Neal Fowler / CC BY-NC 2.0

Nerdalize, a startup in the Netherlands, is running an experiment that could save companies and house-dwellers lots of money while also helping protect the environment. The basic idea is that companies can have Nerdalize install servers in private houses, where the energy released from the machines will heat their water for free.

From The Verge:

You know just from using a laptop that computers give off a lot of excess heat. For data centers containing tens of thousands of servers, this is a big problem, wasting energy and money. To try and mitigate this, companies have experimented with moving facilities to near the Arctic Circle and even submerging servers underwater. But Dutch startup Nerdalize has a different approach. Rather than trying to dissipate excess energy from servers, it wants to harness it, using it to heat people’s homes instead.

The setup is simple enough: you pay Nerdalize to install a server in your home; it heats your house for free; and Nerdalize makes money by selling the server space to other companies. Back in 2015, the company unveiled its first product — a standalone wall heater powered by a single server that was used in a year-long pilot in five households. The heaters were slow, taking about an hour to warm up, and fairly weak, only providing enough heat for a small room. But they worked. And Nerdalize is now moving on to a second pilot that integrates its sever-heat more tightly with customer’s homes.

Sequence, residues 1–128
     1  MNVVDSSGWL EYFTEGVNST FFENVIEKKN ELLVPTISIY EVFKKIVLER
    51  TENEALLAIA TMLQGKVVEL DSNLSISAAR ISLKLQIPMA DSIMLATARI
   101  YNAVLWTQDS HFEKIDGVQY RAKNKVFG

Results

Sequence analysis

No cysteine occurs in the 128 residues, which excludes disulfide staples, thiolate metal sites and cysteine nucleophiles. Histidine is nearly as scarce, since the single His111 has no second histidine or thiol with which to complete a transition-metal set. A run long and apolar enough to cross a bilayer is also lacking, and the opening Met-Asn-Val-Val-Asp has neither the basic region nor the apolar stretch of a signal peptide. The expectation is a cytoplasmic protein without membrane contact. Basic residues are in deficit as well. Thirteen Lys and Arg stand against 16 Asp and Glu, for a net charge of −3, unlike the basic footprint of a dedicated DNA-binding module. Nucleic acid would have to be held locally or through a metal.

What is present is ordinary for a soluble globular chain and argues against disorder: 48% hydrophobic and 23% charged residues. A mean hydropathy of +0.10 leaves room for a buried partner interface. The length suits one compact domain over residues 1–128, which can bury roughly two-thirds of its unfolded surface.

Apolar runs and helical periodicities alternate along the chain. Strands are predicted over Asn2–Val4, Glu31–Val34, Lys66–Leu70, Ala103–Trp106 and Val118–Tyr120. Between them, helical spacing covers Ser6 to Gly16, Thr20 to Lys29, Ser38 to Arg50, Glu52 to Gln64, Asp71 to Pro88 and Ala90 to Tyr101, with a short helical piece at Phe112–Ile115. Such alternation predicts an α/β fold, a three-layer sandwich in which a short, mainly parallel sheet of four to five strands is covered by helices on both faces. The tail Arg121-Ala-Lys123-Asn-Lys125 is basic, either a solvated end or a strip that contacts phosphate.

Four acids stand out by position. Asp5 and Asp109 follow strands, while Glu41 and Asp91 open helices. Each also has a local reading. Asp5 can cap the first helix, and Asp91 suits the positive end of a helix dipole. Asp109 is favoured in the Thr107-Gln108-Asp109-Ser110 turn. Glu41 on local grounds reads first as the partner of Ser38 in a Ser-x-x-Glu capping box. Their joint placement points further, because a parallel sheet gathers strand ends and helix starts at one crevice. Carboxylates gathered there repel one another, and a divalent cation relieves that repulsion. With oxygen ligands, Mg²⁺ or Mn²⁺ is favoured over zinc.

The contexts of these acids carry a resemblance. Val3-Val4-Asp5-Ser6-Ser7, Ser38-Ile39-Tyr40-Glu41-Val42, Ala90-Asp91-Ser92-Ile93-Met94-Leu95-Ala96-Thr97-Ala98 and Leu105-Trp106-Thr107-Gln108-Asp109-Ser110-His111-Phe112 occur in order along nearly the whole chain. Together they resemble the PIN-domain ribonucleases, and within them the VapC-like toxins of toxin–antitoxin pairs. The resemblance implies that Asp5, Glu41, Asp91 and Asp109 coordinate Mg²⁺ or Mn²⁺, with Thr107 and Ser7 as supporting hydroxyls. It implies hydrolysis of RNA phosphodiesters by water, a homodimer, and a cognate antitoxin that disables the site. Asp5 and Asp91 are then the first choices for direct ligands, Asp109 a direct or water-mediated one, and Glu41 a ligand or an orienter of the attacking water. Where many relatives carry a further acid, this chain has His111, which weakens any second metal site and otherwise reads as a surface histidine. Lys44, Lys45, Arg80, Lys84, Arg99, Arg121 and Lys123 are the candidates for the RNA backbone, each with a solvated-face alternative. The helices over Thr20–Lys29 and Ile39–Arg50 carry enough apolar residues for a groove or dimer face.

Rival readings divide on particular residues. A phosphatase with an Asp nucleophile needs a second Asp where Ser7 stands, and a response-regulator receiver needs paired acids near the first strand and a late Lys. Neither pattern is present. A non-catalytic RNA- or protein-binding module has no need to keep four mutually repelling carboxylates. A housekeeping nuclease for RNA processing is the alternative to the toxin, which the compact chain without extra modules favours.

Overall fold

Starting in August, Nerdalize plans to equip 42 Dutch households with servers to heat their water supply, providing, it says, hot showers using nothing more than data. (Well, data, and piping-hot silicon.) The company says its setup will save customers €300 a year ($336) while costing companies 50 percent less for data services. Each installation also takes three tons of CO2 away from a household’s carbon footprint. Nerdalize says it’s a “win-win-win” scenario, and has launched a crowdfunding campaign to expand the project. Its reached its initial goal of €250,000, and is now aiming to raise half a million euros.

While some questions remain unanswered, such as how breakdowns will be handled and privacy secured, the project seems to be going forward at full speed.

Read more here.

— Posted by Natasha Hakimi Zapata


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